It’s been a long road since being diagnosed with melanoma in early 2020.
In October of 2019, noticing a lump in my left armpit. Thinking it was a cyst of some sort, I decided to see if it shrunk but it had vanished as mysteriously as it had appeared. In early December, I had an appointment with my primary care physician to have it examined.
As lymph nodes are in the armpit area and can become swollen in response to viral or bacterial infection, a cyst was very possible, but an ultrasound was scheduled to get a clear picture. A more complex mass was shown, so a biopsy followed soon after, where a needle method, rather painless, took 12 to 15 tissue samples which were sent off to the lab.
On Jan. 16, 2020, I met a new doctor who would take the ball from there and, along with being a top-notch physician in whom I would place my trust and care, he became —and remains — a friend. Who of us ever thought when younger that we would meet an oncologist to oversee and prescribe treatments for cancer?
The biopsy showed the lump to be a melanoma mass, indeed embedded in the left axilla lymph nodes. Deep breath time, thinking “so now it’s me?” (I lost my mother to cancer when I had just turned 17).
The first recommendation was to consult with a surgeon who specializes in the excision of such masses in an area where complex nerve bundles were. But the main concern voiced by my oncologist, “Dr. B,” was that I get in for a PET scan and make sure this is the only location cancer is present. The scan was done in a couple of weeks.
Things were moving along very swiftly and efficiently for a government facility. As a veteran with VA medical coverage, I’d find myself beyond grateful to be near the best VA Medical Center during my 44 years of routine exams at VA clinics or hospitals.
Surgery was not an option at this point, as the PET scan, which Dr. B showed me the full-color 3D images of, revealed a nodule on my right adrenal gland, lit up in yellow and orange like a miniature sun. It was too small for surgery, and now that this was present, it made no sense to remove the armpit mass while cancer was evident elsewhere.
In mid-March, two weeks before the official declaration of the COVID-19 pandemic, I would have the first of a scheduled four immunotherapy infusions, a two-drug combination clinically shown to be effective in supercharging one’s immune system into attacking cancer cells.
My relationship to cancer thusly began, and continues to this day in late August, 2023. From the start of this journey, I’ve combed the internet doing research, aiming to not only glean a more in depth understanding of what my body was and would be contending with, but also to better equip myself to participate mindfully in my own healing.
A support group of friends and wonderful children have been instrumental to this process. I can only hope and pray that any of you either in a diagnostic phase or undergoing treatments, recovery or even the all-too brilliant-to-learn, remission, have the loving care and support of your own personal team! We need each other more than ever when fighting, or even welcoming the challenge by an invader (or visitor) with the calling card “cancer.”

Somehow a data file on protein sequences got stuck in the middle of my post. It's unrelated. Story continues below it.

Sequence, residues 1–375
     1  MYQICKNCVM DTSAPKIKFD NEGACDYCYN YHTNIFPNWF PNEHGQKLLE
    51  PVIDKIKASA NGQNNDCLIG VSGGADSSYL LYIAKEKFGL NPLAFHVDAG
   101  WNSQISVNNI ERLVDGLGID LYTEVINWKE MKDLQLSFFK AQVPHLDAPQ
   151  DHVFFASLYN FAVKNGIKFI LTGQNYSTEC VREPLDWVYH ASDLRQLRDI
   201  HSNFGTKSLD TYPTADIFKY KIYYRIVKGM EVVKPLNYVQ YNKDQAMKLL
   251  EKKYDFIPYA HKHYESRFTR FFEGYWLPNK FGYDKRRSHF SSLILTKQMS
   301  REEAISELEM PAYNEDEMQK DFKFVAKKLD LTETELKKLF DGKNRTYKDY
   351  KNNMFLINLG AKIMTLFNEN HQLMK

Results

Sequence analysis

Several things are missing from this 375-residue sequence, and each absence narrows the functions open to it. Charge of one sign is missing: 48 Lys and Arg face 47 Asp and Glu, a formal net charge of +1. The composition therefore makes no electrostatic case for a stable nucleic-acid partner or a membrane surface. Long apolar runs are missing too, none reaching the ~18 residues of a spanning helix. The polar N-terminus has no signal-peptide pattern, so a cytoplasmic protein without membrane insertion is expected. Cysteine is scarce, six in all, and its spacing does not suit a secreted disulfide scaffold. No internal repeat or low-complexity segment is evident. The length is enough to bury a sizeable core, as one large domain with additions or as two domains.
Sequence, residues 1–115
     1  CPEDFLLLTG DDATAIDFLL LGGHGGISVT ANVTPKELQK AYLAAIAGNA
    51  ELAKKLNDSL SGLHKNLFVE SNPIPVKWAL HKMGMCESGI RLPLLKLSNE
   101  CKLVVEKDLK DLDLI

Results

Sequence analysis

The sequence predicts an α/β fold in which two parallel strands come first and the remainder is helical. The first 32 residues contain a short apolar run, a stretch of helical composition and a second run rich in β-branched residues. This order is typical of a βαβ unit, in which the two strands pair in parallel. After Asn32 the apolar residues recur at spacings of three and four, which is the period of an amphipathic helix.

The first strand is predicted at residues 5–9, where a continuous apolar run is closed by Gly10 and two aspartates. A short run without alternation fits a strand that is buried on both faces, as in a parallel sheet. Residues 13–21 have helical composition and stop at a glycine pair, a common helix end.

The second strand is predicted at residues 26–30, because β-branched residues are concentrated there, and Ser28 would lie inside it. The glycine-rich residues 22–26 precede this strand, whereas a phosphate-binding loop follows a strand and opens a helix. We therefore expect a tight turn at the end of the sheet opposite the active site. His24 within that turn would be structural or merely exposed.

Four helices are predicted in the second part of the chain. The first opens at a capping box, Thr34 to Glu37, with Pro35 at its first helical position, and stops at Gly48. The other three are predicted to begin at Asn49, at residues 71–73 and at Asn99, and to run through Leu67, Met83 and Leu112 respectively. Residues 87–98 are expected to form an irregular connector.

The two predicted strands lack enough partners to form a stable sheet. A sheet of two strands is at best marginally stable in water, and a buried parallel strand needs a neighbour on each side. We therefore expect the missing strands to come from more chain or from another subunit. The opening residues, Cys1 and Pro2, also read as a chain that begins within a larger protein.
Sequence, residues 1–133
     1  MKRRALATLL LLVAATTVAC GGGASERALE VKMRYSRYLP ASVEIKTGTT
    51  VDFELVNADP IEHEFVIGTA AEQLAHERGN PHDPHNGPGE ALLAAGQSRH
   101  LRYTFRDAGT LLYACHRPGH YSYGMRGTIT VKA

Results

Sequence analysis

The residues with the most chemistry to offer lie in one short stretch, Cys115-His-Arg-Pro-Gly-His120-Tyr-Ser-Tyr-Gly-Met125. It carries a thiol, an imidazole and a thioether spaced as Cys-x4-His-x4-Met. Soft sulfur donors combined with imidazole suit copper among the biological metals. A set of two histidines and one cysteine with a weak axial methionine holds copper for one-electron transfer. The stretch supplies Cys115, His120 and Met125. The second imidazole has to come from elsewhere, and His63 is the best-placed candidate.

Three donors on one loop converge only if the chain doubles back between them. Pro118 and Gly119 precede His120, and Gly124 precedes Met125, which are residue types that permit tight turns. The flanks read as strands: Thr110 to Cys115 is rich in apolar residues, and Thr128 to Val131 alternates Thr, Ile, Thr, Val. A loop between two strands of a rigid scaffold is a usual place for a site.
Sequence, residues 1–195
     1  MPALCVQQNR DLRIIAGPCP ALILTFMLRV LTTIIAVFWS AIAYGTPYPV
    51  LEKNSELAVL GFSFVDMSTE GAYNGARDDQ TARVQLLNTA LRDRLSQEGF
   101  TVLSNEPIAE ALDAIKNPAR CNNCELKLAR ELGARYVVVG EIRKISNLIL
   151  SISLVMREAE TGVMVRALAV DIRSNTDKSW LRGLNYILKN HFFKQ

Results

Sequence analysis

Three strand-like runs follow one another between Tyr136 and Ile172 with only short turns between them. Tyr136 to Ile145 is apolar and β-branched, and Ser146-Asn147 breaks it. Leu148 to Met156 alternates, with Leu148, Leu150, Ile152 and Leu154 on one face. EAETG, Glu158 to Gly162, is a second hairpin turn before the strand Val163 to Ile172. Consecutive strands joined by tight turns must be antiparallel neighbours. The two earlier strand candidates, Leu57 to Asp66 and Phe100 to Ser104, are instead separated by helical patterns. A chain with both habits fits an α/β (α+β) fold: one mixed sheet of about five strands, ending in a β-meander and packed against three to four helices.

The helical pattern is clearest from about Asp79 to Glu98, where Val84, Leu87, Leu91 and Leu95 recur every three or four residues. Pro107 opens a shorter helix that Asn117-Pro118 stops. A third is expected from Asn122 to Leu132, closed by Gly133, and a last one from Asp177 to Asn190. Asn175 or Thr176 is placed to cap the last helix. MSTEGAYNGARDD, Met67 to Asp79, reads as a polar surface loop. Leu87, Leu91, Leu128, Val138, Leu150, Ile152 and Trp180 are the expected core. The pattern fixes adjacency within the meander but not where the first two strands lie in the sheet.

In mid-May of 2020, I was hospitalized two weeks after my third infusion. What appeared like COVID-19 adding to my hurdles were extreme side effects of the infusions: exhaustion, weakness, loss of appetite, sleeplessness, vertigo, skin rashes, joint and muscle aches, shallow breathing and, a few days before admission, my body temperature bounced from 103 to 94 in the span of a few hours, repeating all day and night.
Upon being received by the awaiting ER team my blood oxygen level was dangerously low at 89%. An immediate nasal swab test with expedited results showed negative for COVID-19. With round-the-clock care and oxygen, intravenous saline and steroids, I was rejuvenated and allowed to go home in 48 hours. I felt that a miracle happened overnight!
The infusions were halted due to my own body chemistry being in violent opposition to having one of the two drugs flowing in my veins. The silver lining was that the nodule on my adrenal gland disappeared and in July I had the surgery to remove the original axilla mass, and declared “NED” (no evidence of disease!) It felt very good to hear that of course, yet I would be put on a schedule of regular monitoring scans. Melanoma, by nature, is notorious for fragmenting unseen cells that may find their way to any and every area of the body.
In the nearly four years since my melanoma was diagnosed, and, with the metastases, my facing off with stage 4 cancer, melanoma would find its way to my brain and on the neurosurgeon’s table in March, 2022, with radiation treatments to follow. Said treatments would backfire to swat me down causing cerebral edema and necrosis nearly a year later. I recovered from that with medications and exercise, and I am feeling strong and confident again, despite another new round of immunotherapy now with a far friendlier drug, to treat the latest nodule found this spring, on my left lung.
I remain determined and steadfast. By following expertly recommended protocols while continually educating myself and staying as fit as my fluctuating energy levels permit, my perpetual inner mantra “I AM healing” and my most beloved people a phone call if not a reach away. Not only do I GOT THIS but I consider myself blessed.
This post was written and submitted by Marc Kurnick. The article reflects the views of Marc Kurnickand not of CURE®. This is also not supposed to be intended asmedical advice.
For more news on cancer updates, research and education, don’t forget to subscribe to CURE®’s newsletters here.